Georgia Bisbas | Student Writer
In the past few days social media has been awash with stories of generosity and kindness. There has been an upsurge in people looking out for elderly relatives and neighbours and offering help to those in their community who need it most as the threat of Coronavirus continues. On twitter however, I have witnessed a war cry of outrage against those in positions of vast privilege and wealth who are extolling the Keep Calm and Carry On mentality and reminding us to wash our hands, as if digging for victory will make a difference. Self-quarantine is not improved with bunting. The comedian Karen Brady criticized Philip Schofield for the stoic British attitude he extolled on This Morning, whilst being paid an exorbitant amount to do so. ‘No more financial advice from millionaires please’ she tweeted. Whilst Brady is correct to an extent, Schofield’s advice is a comfort to some people who are desperately trying to avoid succumbing to mass hysteria.
Combing through the confusion, anger and sadness on twitter, there is a more severe anger at celebrities who are not seen to be doing enough to assist during this pandemic. If the bedrock of a celebrity career is built on the public investiture in their life, their clothes and their diet, why do we feel more grievance when in our time of need they aren’t seen to be investing in our lives with the same amount of money and time we invested in theirs. More fool the people who have liked, bought, and endorsed in reality television stars and celebrities only to find out the mutual gain of their investment is not a million dollar donation to a local foodbank or hospital, but rather filtered proof of their ability to thrive away from the virus, safely in their respective mansions. To employ a loose political framework, the public elected these people to such stratospheric levels of fame but now we want evidence of a good deed or two just to prove they aren’t the creatures we made them out to be, but wholesome billionaires capable of kindness. The Kardashians have been known to post videos of the contents of their fridges, overflowing with organic, fresh produce and bottled water and provide virtual tours of their snack cupboards; a room with shelves of labelled Tupperware, a room big enough to warrant £700 a month rent in London. If we adopted the revolutionary attitude of say France 400 years ago, people would be marching towards Calabasas, donning surgical masks and pitchforks ready to storm the mansions of their once beloved celebrities and demand they do more to help.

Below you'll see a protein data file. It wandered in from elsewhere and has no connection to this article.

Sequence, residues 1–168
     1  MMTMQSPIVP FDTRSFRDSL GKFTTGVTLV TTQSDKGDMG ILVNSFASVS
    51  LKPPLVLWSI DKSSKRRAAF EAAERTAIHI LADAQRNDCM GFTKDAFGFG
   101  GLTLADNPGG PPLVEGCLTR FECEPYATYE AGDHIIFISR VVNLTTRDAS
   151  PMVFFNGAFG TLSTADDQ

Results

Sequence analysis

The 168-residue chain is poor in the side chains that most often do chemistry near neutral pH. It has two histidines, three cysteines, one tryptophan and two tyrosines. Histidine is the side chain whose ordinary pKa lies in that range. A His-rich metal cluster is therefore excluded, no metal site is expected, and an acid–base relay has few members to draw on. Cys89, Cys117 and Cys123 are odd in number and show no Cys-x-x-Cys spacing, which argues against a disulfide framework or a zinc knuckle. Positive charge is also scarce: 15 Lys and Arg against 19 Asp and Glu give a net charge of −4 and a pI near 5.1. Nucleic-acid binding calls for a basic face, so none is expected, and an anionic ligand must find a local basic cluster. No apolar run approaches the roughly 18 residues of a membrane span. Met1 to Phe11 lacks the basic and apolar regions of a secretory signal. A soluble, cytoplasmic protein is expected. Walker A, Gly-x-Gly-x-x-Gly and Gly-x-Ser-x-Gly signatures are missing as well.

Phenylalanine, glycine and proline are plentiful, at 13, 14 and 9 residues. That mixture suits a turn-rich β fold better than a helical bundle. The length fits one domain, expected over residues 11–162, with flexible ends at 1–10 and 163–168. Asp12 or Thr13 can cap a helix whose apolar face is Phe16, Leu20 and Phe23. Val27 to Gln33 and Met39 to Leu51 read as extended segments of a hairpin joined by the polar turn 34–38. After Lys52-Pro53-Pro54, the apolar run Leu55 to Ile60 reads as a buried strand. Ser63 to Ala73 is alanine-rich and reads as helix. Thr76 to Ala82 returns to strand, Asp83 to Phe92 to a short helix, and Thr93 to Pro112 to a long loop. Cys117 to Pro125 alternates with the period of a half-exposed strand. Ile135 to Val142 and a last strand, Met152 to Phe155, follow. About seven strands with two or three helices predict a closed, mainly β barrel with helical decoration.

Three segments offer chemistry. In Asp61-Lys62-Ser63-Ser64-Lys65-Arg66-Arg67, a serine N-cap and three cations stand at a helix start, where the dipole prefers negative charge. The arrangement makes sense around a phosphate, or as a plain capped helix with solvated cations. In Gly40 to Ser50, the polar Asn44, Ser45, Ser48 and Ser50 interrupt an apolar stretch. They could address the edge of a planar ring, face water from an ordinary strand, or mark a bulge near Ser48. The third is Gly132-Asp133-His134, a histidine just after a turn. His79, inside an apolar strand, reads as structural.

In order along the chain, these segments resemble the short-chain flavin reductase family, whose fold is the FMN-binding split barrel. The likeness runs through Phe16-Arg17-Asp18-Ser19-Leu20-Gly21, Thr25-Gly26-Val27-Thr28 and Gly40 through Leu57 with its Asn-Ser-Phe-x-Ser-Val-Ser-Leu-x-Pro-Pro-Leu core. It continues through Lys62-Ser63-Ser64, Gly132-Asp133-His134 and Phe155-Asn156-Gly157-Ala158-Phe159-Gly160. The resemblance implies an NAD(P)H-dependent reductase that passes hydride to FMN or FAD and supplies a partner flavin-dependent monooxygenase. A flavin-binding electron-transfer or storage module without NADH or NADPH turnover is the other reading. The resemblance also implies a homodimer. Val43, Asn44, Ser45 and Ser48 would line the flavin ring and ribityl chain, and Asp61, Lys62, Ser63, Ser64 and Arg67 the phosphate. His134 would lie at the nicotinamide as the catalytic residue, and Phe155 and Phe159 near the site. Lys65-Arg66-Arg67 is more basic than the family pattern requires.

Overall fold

The question remains, why do we demand financial aid from the people we made so rich? Is it evidence of a deal that we feel owed? Or do we cling to the adage that those who have, and indeed have in such abundance, should share with those who have not. I would plead the latter. Demonstrative philanthropy is not to be sneered at. Christian Ronaldo has pledged to fund the conversion of his branded hotels into temporary hospitals in order to help combat the virus, he was confirmed as an affected case. The actors Blake Lively and Ryan Reynolds have donated $1 million to food bank charities in Canada and America which work to relieve hunger in communities where poverty is rife and food banks are a life source. Charles Dickens once wrote, ‘it was the best of times, it was the worst of times’ and now as a pandemic grips the world and the vulnerable members of society become increasingly more so, we see daily acts of kindness and selflessness but the worst aspects of selfish capitalism pervade. And the worst part of these ‘worst of times’? We let it happen. We endorsed and now we demand a pay out from the people who could assist but appear incapable of doing so.